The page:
Socrates ask Cephalus whether justice was merely paying debts. Cephalus leaves to continue making sacrifices and asks his son Polemarchus to continue the argument. Polemarchus states according to Simonides that the repayment of a debt is just. Socrates point though that it wouldn't be just to return a deposit of arms to a person who is not in his right mind, to which Polemarchus agrees. Polemarchus also agrees that enemies are to receive what we owe them.

Polemarchus suggests that Simonides meant that friends owe friends good thing, not bad things. And further that Simonides would say we owe enemies what they deserve, and what they deserve is evil. So Simonides, the poet, actually meant: justice is the giving to each man what is proper to him (good to friends and evil to enemies), and this he term a debt.

If medicines give drugs to human bodies, and cooking gives seasoning to food, then justice gives good to friends and evil to enemies. And if the physician if best to give good to friends and evil to enemies in time of sickness, and the captain when on a voyage, then the just man is is able to harm to his enemies and good to his friend in going to war against one and in making alliances with the other. And while when a man is well, or not on a voyage, there is no need of a physician or captain, there is still a need for justice even in times of a peace. Justice is useful for contracts during peace. The just man is useful when you want to keep a deposit safely; justice is useful of all things when they are useless and useless when they are useful.

But he who is a good keeper of anything is also a good thief. So if the just man is good at keeping money he is good at stealing it.

Polemarchus doesn't know how to respond and reasserts justice is do good to friends and evil to enemies. Socrates ask are friends actually good people or are they just people whom we think are good? If people err about good and evil, it it more proper to say that we ought to do good to the just and harm to the unjust, which may mean doing evil to friends and good to enemies. This is different from what Simonides says so Polemarchus says we need to interpret friend and enemy not only as those who seem good or bad, but who actually are as they seem; that is, the good are our friends, and the bad are our enemies.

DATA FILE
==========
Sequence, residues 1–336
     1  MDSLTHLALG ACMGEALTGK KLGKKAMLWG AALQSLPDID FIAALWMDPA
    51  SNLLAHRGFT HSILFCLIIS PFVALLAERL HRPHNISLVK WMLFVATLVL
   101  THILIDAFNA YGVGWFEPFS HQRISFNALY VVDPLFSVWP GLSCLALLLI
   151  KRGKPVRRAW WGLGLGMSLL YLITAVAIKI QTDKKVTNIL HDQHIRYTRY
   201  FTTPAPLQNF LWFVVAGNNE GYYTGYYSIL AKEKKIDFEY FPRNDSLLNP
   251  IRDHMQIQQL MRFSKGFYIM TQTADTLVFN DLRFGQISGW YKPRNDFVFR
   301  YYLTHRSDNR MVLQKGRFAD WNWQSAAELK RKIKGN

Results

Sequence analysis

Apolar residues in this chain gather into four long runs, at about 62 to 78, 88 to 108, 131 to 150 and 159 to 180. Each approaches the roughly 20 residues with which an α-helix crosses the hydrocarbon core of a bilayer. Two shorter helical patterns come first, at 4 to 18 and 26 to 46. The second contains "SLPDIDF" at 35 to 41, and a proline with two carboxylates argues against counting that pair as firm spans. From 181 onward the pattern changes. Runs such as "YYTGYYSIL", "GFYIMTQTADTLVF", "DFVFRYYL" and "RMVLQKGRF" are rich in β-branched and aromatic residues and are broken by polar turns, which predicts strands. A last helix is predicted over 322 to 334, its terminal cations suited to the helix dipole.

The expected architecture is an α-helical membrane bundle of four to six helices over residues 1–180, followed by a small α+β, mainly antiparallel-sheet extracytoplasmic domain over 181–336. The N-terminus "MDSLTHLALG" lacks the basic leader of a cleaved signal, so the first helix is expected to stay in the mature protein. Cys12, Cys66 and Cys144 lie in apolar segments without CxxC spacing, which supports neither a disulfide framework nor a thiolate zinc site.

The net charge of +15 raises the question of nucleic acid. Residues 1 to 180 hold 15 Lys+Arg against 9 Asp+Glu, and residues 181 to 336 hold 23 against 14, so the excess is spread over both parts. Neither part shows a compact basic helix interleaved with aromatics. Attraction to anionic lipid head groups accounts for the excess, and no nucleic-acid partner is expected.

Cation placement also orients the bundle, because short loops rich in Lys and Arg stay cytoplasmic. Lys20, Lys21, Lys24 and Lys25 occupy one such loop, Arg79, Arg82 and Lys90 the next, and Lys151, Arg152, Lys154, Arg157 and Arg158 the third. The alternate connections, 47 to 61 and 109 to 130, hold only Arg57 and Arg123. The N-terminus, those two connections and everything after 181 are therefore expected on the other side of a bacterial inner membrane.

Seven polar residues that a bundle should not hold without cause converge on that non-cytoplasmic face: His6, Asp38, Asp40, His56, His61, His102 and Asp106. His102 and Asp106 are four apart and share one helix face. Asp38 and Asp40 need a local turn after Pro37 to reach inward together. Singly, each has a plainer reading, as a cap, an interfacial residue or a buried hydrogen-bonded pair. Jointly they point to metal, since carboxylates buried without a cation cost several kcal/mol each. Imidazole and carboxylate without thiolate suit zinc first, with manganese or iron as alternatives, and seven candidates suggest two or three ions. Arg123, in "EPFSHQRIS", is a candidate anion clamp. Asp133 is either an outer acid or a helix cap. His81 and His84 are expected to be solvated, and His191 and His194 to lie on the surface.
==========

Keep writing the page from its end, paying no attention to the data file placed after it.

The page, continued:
Should the justice injure anyone at all? If hurting a thing makes it worse, not better, then hurting a man makes him less virtuous and less just. But you can't make someone unjust by justice (just like the musician can't make someone unmusical through music) so it can't be just to harm your enemies. This contradicts Polemarchus' original definition, and convinces him.

Discussion between Socrates and Thrasymachus follows.

Thrasymachus, who had been want to interrupt the whole time, criticizes Socrates. Thrasymachus challenges Socrates to money if he can define justice in a better way than Socrates, but Socrates doesn't have it so Glaucon offers to pay it for him. Thrasymachus accuses Socrates of learning from other people without teaching anything in return, which Socrates objects to.

Thrasymachus thought he had an excellent answer and would distinguish himself. He claims that justice is "nothing else than the interest of the stronger".

Gell, he said, have you never heard that forms of government differ; there are tyrannies, and there are democracies, and there are aristocracies?